Charity urges minister to start deposit protection scheme

A leading housing charity has called on the housing minister to start the deposit protection scheme as people will be put at risk of homelessness if landlords are allowed to demand deposits of two-months from would-be tenants before they are given the keys to a new home.

The deposit protection scheme is already provided for in the Residential Tenancies (Amendment) Act 2015. There is no legal impediment stopping a landlord from demanding a deposit of any amount which means that people on lower incomes who are trying to find a home in the current market are in danger of being squeezed out, the chairwoman of Threshold, Aideen Hayden has warned.

She said setting the financial bar so high was, effectively, screening potential tenants to ensure those on lower incomes could not get access to certain properties. “This needs to be addressed to protect tenants. The previous coalition Government in 2011 committed to the introduction of a deposit protection scheme and passed enabling legislation in 2015. However, the relevant section has yet to be activated.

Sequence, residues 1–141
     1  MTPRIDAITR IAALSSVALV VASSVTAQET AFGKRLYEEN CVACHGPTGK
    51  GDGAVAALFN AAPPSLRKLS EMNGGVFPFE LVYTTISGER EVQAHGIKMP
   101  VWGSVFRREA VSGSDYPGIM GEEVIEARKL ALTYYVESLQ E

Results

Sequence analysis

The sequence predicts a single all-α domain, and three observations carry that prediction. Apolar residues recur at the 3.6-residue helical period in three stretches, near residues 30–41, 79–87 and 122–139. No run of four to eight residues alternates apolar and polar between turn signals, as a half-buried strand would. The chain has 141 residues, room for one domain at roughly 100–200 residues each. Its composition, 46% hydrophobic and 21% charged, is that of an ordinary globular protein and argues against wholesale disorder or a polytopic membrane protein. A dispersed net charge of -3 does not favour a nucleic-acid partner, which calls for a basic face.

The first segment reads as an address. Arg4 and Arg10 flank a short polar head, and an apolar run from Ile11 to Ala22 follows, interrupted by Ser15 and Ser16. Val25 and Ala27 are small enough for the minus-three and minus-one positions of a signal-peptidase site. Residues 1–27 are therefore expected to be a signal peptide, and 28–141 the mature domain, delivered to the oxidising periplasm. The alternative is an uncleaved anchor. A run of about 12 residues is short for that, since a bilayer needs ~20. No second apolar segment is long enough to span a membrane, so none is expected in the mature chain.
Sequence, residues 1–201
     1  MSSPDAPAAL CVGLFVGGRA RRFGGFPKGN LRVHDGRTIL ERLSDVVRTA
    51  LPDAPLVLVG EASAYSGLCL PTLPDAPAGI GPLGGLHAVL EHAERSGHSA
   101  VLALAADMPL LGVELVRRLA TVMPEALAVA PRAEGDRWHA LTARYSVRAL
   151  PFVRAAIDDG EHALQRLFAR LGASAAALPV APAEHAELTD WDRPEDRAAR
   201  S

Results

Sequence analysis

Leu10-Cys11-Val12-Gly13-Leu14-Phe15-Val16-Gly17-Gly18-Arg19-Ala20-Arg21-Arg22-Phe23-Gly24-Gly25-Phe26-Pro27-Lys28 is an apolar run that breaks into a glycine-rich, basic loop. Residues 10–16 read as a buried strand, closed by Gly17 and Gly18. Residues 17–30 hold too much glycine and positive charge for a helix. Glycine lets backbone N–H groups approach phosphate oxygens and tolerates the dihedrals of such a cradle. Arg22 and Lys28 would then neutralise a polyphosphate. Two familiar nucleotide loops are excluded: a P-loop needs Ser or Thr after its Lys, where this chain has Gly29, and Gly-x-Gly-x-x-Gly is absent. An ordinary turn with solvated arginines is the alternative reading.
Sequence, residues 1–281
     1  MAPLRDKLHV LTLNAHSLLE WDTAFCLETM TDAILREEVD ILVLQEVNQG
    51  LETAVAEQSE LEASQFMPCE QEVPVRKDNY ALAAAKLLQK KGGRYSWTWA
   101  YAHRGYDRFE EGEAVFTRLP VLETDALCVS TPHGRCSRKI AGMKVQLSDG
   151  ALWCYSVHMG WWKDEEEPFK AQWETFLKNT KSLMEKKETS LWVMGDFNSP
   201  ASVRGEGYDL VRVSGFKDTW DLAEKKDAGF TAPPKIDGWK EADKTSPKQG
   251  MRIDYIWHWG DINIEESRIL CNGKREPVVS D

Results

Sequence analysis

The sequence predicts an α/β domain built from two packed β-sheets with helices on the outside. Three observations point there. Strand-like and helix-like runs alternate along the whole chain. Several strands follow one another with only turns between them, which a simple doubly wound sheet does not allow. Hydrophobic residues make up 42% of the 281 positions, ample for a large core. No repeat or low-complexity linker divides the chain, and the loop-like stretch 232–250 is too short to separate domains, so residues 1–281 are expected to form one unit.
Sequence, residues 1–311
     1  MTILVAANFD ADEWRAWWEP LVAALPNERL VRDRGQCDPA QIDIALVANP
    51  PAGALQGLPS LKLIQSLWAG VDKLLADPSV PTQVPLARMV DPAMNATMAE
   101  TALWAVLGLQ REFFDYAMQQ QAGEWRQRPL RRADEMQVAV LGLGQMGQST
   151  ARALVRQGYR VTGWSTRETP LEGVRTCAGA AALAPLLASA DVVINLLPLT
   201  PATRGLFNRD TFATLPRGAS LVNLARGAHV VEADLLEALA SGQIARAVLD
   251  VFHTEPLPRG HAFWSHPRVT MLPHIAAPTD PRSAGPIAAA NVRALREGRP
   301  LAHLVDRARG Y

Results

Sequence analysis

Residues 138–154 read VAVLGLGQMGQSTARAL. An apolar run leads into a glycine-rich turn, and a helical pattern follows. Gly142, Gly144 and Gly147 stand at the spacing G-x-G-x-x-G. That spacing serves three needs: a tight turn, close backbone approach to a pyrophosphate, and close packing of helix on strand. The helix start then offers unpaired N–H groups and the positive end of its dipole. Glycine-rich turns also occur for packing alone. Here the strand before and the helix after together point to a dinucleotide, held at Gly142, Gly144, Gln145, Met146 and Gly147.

Ms Hayden was speaking after it emerged that Irish Residential Properties Reit (Ires Reit), which owns 2,400 apartments in greater Dublin, had started imposing such a precondition on would-be tenants.

The Irish Rental Price Report from for the first quarter of this year found that the average rent nationwide now stands at €1131 – an all-time high. At that price, a tenant would require €3393 in hand to secure accommodation where a landlord insisted on a two month deposit.

With the average rent in South Dublin for the same period at €1,787 – a tenant would require €5,361. Threshold has called on Housing Minister Eoghan Murphy to introduce the scheme as a matter of priority and to ensure that the law stipulates that one month’s deposit is sufficient.

Neha Katoch
Neha Katoch

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